If you suspect that your cat may have contracted FPV, it’s crucial to promptly take them to a veterinary clinic and isolate them from other cats.
For cat enthusiasts, Feline Parvovirus (FPV) is a cause for concern due to its potential fatality among feline companions.
Its highly contagious nature poses a risk, particularly in multi-cat households.
This virus is exceptionally hazardous and can affect cats of all ages, especially those that haven’t received vaccinations.
A user on Twitter (@sya1qahh) shared her experience in caring for her cat infected with this perilous virus.
She highlighted that kittens with FPV have a mere 10% survival rate, and it’s 50% for adult cats.
Some common symptoms exhibited by FPV-infected cats include:
- Vomiting of water or frothy substances
- Loss of appetite and reluctance to drink
- Lethargy and weakness
- Drooling with an unpleasant odour
- High fever
- Preference for damp locations, like bathrooms
According to Cats Protection UK, there is no known cure for FPV. However, all the symptoms can be managed, and the cat can recover with proper care.
Here Are 5 Essential Steps to Follow:
1. Visit the Veterinarian
The initial step is to immediately consult a veterinary clinic or veterinarian once you detect FPV symptoms in your cat.
Upon arriving at the clinic, the veterinarian will conduct an FPV test using a diagnostic kit.
Syiqahh mentioned that when her cat tested positive for FPV, the veterinarian promptly administered injections, antibiotics, and other medications to address the symptoms.
It’s understandably disheartening when the veterinarian advises not to set high expectations for the cat’s recovery.
2. Ensure Adequate Feeding
Cats infected with FPV frequently experience a reduced appetite or refuse to eat altogether. It is, therefore, essential to ensure they receive adequate nutrition through force-feeding.
In cases where a cat resists eating, you may have to feed them with a syringe. Medications can also be administered through this method.
Although it may appear challenging to force-feed a cat, it is a necessary step to help them regain their strength.
Furthermore, you can experiment with various food options, such as a mixture of wet food and ground, boiled chicken, to stimulate their appetite.
3. Sanitise the Cat’s Environment with Clorox
Parvo virus is highly resilient and can endure for an extended period in various settings. According to the American Veterinary Medical Association, FPV can remain viable for up to a year under specific conditions.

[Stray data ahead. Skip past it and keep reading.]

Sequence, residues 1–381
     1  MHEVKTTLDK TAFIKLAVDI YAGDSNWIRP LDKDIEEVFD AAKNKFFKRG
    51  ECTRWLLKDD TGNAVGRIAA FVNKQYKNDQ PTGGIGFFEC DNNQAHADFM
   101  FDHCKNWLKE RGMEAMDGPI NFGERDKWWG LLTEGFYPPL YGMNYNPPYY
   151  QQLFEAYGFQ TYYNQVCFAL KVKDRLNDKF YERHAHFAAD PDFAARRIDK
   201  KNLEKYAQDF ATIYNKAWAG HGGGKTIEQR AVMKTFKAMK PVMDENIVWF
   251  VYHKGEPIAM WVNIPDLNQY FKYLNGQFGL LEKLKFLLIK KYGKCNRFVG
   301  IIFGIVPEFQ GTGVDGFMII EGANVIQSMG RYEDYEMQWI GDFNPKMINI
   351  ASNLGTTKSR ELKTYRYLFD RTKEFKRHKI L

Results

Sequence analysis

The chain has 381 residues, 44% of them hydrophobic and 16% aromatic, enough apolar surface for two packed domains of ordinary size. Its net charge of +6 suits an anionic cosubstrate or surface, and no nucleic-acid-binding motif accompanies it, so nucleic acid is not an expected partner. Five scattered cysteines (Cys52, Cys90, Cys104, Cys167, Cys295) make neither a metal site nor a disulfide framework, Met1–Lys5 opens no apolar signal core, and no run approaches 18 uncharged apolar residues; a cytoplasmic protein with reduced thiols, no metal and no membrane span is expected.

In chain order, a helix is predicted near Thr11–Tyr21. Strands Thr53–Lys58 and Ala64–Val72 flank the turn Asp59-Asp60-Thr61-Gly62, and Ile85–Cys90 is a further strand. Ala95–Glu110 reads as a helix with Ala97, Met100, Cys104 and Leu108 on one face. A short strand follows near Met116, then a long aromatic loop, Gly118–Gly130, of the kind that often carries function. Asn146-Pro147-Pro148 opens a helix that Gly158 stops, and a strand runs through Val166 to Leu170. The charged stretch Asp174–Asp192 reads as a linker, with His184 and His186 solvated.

It cannot be eradicated merely by washing with soap. Instead, a disinfectant like Clorox is necessary. Regularly clean the cat’s living area, including food and water bowls, with a disinfectant.
Syiqahh suggests a standard 1:22 mixture of Clorox and water for cleaning. She employs a spray bottle to simplify the cleaning process.
IMPORTANT: Ensure that any remnants of the disinfectant are thoroughly washed away, as it can be highly toxic if ingested by the cat.
4. Isolate the Infected Cat
A crucial and immediate action to be taken upon symptom detection is the isolation of the infected cat from other cats.
This step is necessary because the Parvovirus is highly contagious and can rapidly spread to other cats.
Ensure the separation not only of play areas and sleeping locations but also food and litter boxes. Remember that the virus spreads through faeces and close contact.
Therefore, a proper quarantine is essential as the virus persists within the cat’s body.
According to WebMD, infected cats can shed the virus through their faeces for up to six weeks.
5. Provide Emotional Support to the Cat
Though it may seem trivial, it’s important to provide emotional support to a sick cat. Just like humans, cats benefit from words of encouragement to feel more resilient and motivated to regain their health.
Syiqahh also reminds us that some cats may carry FPV without showing symptoms. In such instances, sudden death can occur as the virus multiplies based on the cat’s immune response.
Parvovirus is More Active During the Rainy Season
It’s worth noting that FPV is more active during the rainy season. This is because rainwater forms pockets that serve as breeding grounds for the virus.
Furthermore, stagnant rainwater can mix with animal faeces, facilitating the virus’s spread.
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